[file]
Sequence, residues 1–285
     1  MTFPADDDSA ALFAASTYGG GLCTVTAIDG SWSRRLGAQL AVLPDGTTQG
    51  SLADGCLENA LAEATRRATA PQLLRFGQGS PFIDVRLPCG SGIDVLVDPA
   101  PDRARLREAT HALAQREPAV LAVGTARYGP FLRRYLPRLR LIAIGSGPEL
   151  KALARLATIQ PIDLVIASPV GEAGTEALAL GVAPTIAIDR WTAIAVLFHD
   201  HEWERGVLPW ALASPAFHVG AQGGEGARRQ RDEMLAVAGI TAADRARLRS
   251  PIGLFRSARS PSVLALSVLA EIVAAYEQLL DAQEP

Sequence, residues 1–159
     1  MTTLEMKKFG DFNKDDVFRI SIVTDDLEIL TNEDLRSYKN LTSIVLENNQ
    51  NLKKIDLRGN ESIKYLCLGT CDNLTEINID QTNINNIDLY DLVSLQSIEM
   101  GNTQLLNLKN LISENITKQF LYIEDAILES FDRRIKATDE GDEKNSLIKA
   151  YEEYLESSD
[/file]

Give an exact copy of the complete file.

Sequence, residues 1–285
     1  MTFPADDDSA ALFAASTYGG GLCTVTAIDG SWSRRLGAQL AVLPDGTTQG
    51  SLADGCLENA LAEATRRATA PQLLRFGQGS PFIDVRLPCG SGIDVLVDPA
   101  PDRARLREAT HALAQREPAV LAVGTARYGP FLRRYLPRLR LIAIGSGPEL
   151  KALARLATIQ PIDLVIASPV GEAGTEALAL GVAPTIAIDR WTAIAVLFHD
   201  HEWERGVLPW ALASPAFHVG AQGGEGARRQ RDEMLAVAGI TAADRARLRS
   251  PIGLFRSARS PSVLALSVLA EIVAAYEQLL DAQEP

Sequence, residues 1–159
     1  MTTLEMKKFG DFNKDDVFRI SIVTDDLEIL TNEDLRSYKN LTSIVLENNQ
    51  NLKKIDLRGN ESIKYLCLGT CDNLTEINID QTNINNIDLY DLVSLQSIEM
   101  GNTQLLNLKN LISENITKQF LYIEDAILES FDRRIKATDE GDEKNSLIKA
   151  YEEYLESSD